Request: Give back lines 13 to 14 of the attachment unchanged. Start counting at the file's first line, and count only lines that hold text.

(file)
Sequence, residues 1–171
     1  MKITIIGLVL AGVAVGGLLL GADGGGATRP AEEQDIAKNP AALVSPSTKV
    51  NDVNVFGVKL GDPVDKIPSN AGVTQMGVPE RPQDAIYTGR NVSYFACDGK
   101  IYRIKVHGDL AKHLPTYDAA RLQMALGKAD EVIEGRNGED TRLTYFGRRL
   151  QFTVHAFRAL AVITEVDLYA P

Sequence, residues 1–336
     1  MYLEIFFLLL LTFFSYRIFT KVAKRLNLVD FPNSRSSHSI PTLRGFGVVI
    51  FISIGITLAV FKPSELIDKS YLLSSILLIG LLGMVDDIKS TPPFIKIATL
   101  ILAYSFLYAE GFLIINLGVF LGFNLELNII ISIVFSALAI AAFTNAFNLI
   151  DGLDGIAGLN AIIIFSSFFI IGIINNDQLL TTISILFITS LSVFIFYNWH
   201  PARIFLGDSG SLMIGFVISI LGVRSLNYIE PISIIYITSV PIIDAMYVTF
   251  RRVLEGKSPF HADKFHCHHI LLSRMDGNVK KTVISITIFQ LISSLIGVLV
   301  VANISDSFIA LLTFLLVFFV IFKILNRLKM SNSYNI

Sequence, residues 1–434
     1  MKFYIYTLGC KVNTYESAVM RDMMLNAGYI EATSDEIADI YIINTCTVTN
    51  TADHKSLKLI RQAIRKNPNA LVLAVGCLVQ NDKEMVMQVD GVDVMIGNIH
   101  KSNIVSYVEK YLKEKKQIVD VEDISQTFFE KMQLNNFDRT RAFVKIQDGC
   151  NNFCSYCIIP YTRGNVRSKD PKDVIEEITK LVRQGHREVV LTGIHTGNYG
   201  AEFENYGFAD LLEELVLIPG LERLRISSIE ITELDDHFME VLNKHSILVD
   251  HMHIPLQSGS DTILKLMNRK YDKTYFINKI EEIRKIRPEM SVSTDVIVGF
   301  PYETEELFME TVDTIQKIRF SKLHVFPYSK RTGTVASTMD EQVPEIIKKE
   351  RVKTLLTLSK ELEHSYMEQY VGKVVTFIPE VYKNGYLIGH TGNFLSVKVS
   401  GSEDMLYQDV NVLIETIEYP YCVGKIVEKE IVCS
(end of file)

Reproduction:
   301  VANISDSFIA LLTFLLVFFV IFKILNRLKM SNSYNI

Sequence, residues 1–434